When the final analysis was done, nine patients were still receiving Nivo. Newly recruited patients might still be in treatment at that time, but those recruited earlier may have gone out of the trial at the same time. It is important to not that Nivolumab treatments were stopped in three patients due to intolerance, and six more had postponed treatment, i.e., 9 of the 23.
Certainly we need to find meds which create responses for nccRCC patients. However, I am concerned we draw any certain conclusions from this study. Indeed, it is “good” to know that the treatment was tolerable for the majority of the participants, but not so good to read that 6 of the 21 patients had to postpone treatment, and three were removed from treatment due to intolerable/toxic side effects. We also do not know which subtypes seem to have shown responses, which would have been qutie easy to report. Did the group with Papillary Type II do generally better that the majority “unclassified” group? No answer from this stury report. And in the back of my head, I keep wondering why in the world there were so many unclassified patients in this small study? Was there a standard pathology review, or could these patients been misdiagnosed by one pathologist. Typically there is a single pathologist which can standardize the reporting. Were all these patients properly diagnosed?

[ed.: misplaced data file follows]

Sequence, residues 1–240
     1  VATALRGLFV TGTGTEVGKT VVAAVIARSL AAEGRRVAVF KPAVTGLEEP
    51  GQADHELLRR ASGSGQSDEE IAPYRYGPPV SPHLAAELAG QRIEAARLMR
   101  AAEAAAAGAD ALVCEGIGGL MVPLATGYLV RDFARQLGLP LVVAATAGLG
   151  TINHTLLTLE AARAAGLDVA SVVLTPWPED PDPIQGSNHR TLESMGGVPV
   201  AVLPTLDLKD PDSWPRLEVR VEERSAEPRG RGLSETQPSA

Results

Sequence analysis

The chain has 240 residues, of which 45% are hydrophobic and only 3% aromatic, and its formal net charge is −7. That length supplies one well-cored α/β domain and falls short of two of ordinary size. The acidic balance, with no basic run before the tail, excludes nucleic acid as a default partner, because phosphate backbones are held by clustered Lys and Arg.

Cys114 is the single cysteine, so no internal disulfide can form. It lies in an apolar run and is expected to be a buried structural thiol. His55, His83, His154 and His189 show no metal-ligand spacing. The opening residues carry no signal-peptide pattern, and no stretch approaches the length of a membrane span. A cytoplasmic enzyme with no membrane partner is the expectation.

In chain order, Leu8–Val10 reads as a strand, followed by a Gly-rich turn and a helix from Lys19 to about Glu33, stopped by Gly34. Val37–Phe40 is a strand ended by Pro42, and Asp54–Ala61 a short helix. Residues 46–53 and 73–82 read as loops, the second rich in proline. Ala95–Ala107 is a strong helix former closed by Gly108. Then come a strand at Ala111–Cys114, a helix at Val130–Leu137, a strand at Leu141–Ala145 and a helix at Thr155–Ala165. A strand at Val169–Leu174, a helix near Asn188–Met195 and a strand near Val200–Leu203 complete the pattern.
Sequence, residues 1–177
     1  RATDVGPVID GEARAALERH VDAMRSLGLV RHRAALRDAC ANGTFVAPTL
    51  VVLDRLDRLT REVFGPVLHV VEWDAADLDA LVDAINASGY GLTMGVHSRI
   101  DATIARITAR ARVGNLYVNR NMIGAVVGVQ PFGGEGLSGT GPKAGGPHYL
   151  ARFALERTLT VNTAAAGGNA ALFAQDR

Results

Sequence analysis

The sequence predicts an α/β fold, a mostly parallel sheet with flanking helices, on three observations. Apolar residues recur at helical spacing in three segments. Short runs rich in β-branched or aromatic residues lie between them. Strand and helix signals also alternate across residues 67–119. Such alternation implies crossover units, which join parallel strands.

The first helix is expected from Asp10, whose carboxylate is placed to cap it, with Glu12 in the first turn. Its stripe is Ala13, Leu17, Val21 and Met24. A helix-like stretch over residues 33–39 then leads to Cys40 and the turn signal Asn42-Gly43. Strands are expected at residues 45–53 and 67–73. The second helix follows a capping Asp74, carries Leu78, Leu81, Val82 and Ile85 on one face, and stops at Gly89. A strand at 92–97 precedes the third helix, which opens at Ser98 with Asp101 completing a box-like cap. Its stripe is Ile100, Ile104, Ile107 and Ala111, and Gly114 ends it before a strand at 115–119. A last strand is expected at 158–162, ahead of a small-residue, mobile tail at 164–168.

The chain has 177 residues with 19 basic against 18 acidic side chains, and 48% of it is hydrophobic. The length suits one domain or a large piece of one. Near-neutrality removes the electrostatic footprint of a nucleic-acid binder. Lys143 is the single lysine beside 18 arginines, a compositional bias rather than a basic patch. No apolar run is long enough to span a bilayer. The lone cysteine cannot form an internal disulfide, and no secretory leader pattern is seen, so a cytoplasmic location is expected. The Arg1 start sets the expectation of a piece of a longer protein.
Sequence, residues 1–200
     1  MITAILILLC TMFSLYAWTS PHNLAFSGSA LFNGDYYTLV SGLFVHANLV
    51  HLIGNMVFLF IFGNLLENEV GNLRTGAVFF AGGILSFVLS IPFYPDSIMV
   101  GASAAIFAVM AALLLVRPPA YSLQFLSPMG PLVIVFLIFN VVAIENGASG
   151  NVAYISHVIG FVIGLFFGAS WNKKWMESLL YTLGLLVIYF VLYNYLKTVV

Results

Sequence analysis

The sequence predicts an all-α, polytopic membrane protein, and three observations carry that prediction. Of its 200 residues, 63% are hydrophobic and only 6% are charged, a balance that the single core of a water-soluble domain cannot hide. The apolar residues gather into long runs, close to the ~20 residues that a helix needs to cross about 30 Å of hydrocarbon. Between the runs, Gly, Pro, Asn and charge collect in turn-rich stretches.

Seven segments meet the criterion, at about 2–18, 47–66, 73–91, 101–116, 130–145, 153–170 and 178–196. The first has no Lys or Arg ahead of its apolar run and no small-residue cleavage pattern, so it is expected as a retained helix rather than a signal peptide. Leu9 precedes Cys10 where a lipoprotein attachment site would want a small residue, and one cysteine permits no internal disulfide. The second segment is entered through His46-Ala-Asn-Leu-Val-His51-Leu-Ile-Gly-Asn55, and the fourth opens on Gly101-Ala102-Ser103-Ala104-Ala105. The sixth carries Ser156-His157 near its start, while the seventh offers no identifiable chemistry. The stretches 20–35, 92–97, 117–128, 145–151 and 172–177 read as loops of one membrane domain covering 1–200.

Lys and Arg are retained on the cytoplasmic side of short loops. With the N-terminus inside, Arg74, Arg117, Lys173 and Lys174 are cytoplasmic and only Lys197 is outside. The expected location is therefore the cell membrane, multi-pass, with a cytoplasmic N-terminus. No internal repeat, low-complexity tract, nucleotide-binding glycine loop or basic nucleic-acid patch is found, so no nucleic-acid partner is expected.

Just wishing there were greater clarity and hoping to get a fuller report, post ASCO.
Without a doubt, the ‘good’ that comes from this sort of report begins with the recognition that the nccRCC group is underserved by the research community> They probably have the poorest outcomes, rarely have a clear diagnosis, and must wait for the ever popular “further research is warranted.” But all must be aware that these very small observational studies must be reviewed very carefully for what they show or do not show. Again, one to watch at ASCO, but not enough to make a major change in treatment for any one with a non clear cell RCC.
PS. Does your doctor know that there are at least four subtypes of clear cell–the big ‘common’ group–which have clearly different survival patterns? Thought so.